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Catch up on stories from the past week (and beyond) at the Slashdot story archive

Security

Obama Administration Argues For Backdoors In Personal Electronics 454

Posted by samzenpus
from the let-us-in dept.
mi writes Attorney General Eric Holder called it is "worrisome" that tech companies are providing default encryption on consumer electronics, adding that locking authorities out of being able to access the contents of devices puts children at risk. “It is fully possible to permit law enforcement to do its job while still adequately protecting personal privacy,” Holder said at a conference on child sexual abuse, according to a text of his prepared remarks. “When a child is in danger, law enforcement needs to be able to take every legally available step to quickly find and protect the child and to stop those that abuse children. It is worrisome to see companies thwarting our ability to do so.”
Electronic Frontier Foundation

Hundreds of Police Agencies Distributing Spyware and Keylogger 69

Posted by Soulskill
from the you-can-trust-us dept.
realized sends this news from the EFF: For years, local law enforcement agencies around the country have told parents that installing ComputerCOP software is the "first step" in protecting their children online. ... As official as it looks,ComputerCOP is actually just spyware, generally bought in bulk from a New York company that appears to do nothing but market this software to local government agencies. The way ComputerCOP works is neither safe nor secure. It isn't particularly effective either, except for generating positive PR for the law enforcement agencies distributing it.

As security software goes, we observed a product with a keystroke-capturing function, also called a "keylogger," that could place a family's personal information at extreme risk by transmitting what a user types over the Internet to third-party servers without encryption. EFF conducted a security review of ComputerCOP while also following the paper trail of public records to see how widely the software has spread. Based on ComputerCOP's own marketing information, we identified approximately 245 agencies in more than 35 states, plus the U.S. Marshals, that have used public funds (often the proceeds from property seized during criminal investigations) to purchase and distribute ComputerCOP. One sheriff's department even bought a copy for every family in its county.
Cloud

CloudFlare Announces Free SSL Support For All Customers 66

Posted by Soulskill
from the big-step-in-the-right-direction dept.
Z80xxc! writes: CloudFlare, a cloud service that sits between websites and the internet to provide a CDN, DDOS and other attack prevention, speed optimization, and other services announced today that SSL will now be supported for all customers, including free customers. This will add SSL support to approximately 2 million previously unprotected websites. Previously SSL was only available to customers paying at least $20/month for a "Pro" plan or higher.

Browsers connect to CloudFlare's servers and receive a certificate provided by CloudFlare. CloudFlare then connects to the website's server to retrieve the content, serving as a sort of reverse proxy. Different security levels allow CloudFlare to connect to the website host using no encryption, a self-signed certificate, or a verified certificate, depending on the administrator's preferences. CloudFlare's servers will use SNI for free accounts, which is unsupported for IE on Windows XP and older, and Android Browser on Android 2.2 and older.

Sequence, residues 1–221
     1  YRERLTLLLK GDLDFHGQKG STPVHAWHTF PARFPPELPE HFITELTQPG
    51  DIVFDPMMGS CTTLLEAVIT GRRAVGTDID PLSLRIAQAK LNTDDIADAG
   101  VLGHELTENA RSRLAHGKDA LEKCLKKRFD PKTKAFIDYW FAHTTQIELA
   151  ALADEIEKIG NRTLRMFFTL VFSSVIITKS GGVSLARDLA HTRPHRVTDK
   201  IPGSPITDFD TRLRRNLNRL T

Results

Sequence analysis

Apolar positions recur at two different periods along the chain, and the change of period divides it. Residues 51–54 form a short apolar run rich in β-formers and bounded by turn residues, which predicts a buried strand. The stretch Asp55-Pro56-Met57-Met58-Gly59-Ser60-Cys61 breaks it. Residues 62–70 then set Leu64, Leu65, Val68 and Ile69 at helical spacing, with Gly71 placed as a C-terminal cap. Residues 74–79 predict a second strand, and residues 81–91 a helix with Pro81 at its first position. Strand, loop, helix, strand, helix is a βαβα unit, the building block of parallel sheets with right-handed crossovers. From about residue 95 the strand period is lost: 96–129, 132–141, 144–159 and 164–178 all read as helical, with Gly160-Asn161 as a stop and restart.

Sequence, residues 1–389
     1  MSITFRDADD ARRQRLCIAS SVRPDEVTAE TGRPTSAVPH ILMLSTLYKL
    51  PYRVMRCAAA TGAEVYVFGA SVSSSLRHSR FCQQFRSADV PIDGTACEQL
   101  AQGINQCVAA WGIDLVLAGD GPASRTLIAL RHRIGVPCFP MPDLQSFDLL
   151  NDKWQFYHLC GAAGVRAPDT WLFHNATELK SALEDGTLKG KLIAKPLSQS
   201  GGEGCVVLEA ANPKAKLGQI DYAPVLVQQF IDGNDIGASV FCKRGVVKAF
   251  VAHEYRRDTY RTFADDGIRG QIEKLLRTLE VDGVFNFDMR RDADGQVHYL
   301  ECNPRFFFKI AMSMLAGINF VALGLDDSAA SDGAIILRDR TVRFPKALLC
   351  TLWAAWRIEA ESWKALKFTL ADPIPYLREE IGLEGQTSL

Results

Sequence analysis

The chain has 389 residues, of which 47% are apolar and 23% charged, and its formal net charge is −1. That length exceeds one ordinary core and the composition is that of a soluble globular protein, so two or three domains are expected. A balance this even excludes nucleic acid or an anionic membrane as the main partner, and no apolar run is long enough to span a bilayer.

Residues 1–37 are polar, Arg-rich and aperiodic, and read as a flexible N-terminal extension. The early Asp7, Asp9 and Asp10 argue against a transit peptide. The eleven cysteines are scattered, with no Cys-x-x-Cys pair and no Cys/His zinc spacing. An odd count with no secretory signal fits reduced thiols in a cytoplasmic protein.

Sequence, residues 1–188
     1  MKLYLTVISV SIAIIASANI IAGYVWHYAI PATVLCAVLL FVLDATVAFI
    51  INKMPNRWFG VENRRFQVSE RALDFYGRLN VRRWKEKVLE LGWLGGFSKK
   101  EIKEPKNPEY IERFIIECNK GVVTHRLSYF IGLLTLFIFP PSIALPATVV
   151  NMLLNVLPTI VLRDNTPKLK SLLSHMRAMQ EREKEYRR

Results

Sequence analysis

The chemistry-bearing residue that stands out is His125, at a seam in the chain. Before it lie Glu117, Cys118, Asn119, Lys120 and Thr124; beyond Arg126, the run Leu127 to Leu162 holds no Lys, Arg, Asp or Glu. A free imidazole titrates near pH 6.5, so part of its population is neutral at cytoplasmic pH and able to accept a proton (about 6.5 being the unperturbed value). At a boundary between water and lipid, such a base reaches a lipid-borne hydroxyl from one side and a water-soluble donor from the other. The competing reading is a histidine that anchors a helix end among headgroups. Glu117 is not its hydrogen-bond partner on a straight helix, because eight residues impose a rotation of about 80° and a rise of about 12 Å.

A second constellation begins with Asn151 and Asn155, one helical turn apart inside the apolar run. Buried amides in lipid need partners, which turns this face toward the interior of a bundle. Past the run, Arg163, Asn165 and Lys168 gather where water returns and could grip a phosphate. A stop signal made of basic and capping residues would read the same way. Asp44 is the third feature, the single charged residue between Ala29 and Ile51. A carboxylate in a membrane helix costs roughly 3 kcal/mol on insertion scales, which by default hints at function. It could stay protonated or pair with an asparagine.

Encryption

Tor Executive Director Hints At Firefox Integration 115

Posted by Soulskill
from the foxes-love-onions dept.
blottsie writes: Several major tech firms are in talks with Tor to include the software in products that can potentially reach over 500 million Internet users around the world. One particular firm wants to include Tor as a "private browsing mode" in a mainstream Web browser, allowing users to easily toggle connectivity to the Tor anonymity network on and off. "They very much like Tor Browser and would like to ship it to their customer base," Tor executive director Andrew Lewman wrote, explaining the discussions but declining to name the specific company. "Their product is 10-20 percent of the global market, this is of roughly 2.8 billion global Internet users." The product that best fits Lewman's description, by our estimation, is Mozilla Firefox, the third-most popular Web browser online today and home to, you guessed it, 10 to 20 percent of global Internet users.
Security

Security Collapse In the HTTPS Market 185

Posted by Soulskill
from the many-points-of-failure dept.
CowboyRobot writes: HTTPS has evolved into the de facto standard for secure Web browsing. Through the certificate-based authentication protocol, Web services and Internet users first authenticate one another ("shake hands") using a TLS/SSL certificate, encrypt Web communications end-to-end, and show a padlock in the browser to signal that a communication is secure. In recent years, HTTPS has become an essential technology to protect social, political, and economic activities online. At the same time, widely reported security incidents (such as DigiNotar's breach, Apple's #gotofail, and OpenSSL's Heartbleed) have exposed systemic security vulnerabilities of HTTPS to a global audience. The Edward Snowden revelations (notably around operation BULLRUN, MUSCULAR, and the lesser-known FLYING PIG program to query certificate metadata on a dragnet scale) have driven the point home that HTTPS is both a major target of government hacking and eavesdropping, as well as an effective measure against dragnet content surveillance when Internet traffic traverses global networks. HTTPS, in short, is an absolutely critical but fundamentally flawed cybersecurity technology.